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How much data can be called big data when there is no fixed definition for this?

 
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big data involves processing of huge amount of data fast. There is no clear definition that how much data can be called big data? In such case how much data can be called as big data?
thanks
 
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Like you said, there is no fixed definition.
 
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To me, big data isn't something about lots of records or "big" file sizes, even though in most cases that's what actually is.

Big data to me is more about its surrounding domain, not what the data is, but how the data gets handled: data transformation (which might be significant), system's scalability characteristics/requirements where data gets processed, fairly tight service level agreements (SLAs), similar... - all that to me is what defines whether you are dealing with big data.

A bit more concrete, you may not know and barely could predict what amount of data you are going to receive during the day, but you need to have system in place which could handle that (and preferably in a cost efficient way). Whether you received only one 10 MB file during the whole day, or you received several terabytes of continuously streamed data, the data has to be processed in an agreed timeline, let's say 24 h from the received time. In nowadays, it is common to accommodate such requirements using infrastructure, services offered by the cloud providers.

As an example what kind of infrastructure and services we are talking about may be: Kubernetes cluster with running nodes serving N amount of pods where each of those may run data processing pipeline and scale up or down based on demand. Or could be used some managed service, i.e. Google Dataflow to run data processing pipeline (implemented with Apache Beam), which also could have up to certain amount of workers running to handle data volume by parallelizing some of the steps.

Not to spend enormous amounts of money I've mentioned before for services running 24/7 and waiting for the presumable data to come to be processed, usually such systems involve some orchestration around which initiate services to power up when there is some work to be done and so could go down to idle again when they are done.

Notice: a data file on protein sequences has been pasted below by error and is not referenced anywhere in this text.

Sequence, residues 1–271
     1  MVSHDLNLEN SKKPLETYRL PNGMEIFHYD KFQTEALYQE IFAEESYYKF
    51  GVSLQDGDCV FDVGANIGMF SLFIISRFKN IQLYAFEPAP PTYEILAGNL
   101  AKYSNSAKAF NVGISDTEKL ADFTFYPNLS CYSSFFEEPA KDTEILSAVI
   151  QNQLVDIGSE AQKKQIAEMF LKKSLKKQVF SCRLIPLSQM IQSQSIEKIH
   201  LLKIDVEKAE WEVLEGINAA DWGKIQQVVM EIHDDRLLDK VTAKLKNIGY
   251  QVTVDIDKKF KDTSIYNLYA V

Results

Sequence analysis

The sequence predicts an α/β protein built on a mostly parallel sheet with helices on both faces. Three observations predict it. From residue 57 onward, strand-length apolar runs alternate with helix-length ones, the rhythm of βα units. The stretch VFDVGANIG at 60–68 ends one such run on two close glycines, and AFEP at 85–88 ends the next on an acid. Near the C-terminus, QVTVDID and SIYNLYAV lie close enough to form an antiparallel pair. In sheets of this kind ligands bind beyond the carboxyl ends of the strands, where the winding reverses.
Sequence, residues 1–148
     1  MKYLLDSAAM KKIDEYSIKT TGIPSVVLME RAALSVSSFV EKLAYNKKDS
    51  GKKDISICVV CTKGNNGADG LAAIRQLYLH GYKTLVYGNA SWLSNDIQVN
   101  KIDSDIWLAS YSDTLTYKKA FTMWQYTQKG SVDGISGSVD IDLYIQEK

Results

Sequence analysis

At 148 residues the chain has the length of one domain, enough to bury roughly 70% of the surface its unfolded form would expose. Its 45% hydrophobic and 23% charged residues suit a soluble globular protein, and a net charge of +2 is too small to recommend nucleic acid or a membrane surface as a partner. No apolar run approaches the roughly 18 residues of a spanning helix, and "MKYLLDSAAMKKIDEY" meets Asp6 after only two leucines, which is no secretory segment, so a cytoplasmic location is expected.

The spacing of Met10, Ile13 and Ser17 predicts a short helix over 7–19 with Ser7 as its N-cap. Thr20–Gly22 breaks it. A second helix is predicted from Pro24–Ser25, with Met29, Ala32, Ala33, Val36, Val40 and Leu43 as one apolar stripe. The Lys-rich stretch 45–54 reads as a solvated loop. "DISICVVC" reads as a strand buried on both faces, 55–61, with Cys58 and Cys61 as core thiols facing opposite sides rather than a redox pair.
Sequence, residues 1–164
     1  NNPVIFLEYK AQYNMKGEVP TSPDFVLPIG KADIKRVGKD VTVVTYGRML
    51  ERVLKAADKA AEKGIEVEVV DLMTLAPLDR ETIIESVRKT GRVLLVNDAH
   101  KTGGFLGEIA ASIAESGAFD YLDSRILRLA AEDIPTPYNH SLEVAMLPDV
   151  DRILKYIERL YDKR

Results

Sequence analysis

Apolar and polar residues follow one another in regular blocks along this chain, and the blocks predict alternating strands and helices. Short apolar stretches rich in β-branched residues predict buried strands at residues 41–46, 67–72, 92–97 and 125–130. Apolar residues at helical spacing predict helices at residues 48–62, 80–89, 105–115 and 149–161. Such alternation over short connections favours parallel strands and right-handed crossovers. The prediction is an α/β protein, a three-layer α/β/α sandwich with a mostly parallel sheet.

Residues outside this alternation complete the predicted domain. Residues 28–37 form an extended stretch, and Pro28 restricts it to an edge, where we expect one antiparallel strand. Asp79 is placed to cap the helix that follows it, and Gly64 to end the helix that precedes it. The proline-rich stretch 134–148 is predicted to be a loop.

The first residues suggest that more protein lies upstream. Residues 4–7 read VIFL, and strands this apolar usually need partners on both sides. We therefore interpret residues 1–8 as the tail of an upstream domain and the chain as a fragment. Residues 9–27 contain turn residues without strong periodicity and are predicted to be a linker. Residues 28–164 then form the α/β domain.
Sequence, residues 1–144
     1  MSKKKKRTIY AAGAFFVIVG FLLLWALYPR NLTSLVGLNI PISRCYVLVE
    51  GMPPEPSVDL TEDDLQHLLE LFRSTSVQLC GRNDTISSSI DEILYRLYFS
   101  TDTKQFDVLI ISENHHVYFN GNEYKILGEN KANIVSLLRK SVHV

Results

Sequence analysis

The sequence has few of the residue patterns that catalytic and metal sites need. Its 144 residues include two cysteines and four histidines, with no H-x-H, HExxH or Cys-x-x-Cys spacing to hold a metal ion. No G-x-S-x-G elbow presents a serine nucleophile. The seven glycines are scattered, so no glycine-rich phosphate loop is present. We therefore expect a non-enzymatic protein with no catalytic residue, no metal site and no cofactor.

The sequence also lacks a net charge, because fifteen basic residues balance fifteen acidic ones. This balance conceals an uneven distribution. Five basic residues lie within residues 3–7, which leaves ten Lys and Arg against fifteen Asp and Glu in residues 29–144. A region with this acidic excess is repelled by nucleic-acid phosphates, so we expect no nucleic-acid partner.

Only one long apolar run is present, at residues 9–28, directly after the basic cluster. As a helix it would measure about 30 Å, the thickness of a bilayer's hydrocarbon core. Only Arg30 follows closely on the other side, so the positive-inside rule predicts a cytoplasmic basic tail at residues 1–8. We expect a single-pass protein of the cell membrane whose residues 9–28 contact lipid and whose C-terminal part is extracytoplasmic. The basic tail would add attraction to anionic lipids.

So all these personally to me is what kind of describes boundaries of data, whether you are dealing with Big Data or not, not the data size alone.
 
Monica Shiralkar
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Thanks. That clearly answers that it is not just about the size of data. Also volume is just one out of the 4 V's of big data. That is volume, variety, velocity, verasity
 
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In trade discussions, as Liutauras has said, "big" isn't really about the amount of data, but what you're doing with it. Keeping Information Warehouses. Doing complex ad hoc correlations to see what falls out. It's about data analytics instead of data processing.

In most cases, you need at least a couple of gigabytes worth of samples to work from, but I suppose even very tiny sets could be considered "big data" if that's how they're used.
 
Monica Shiralkar
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It's about data analytics instead of data processing.



I am trying to understand this that it is not about data processing because most of the definitions of big data involve the word data processing as Processing of Large Volume of Data.
 
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"It's analyzing the data, not processing it."

Of course analyzing data involves processing; in fact anything you do with data involves processing. So to say that it's not about processing is to misunderstand the statement.

If I were to say "I'm talking about chocolate, not food" you wouldn't be confused because chocolate is actually a food, would you? I hope not.
 
Monica Shiralkar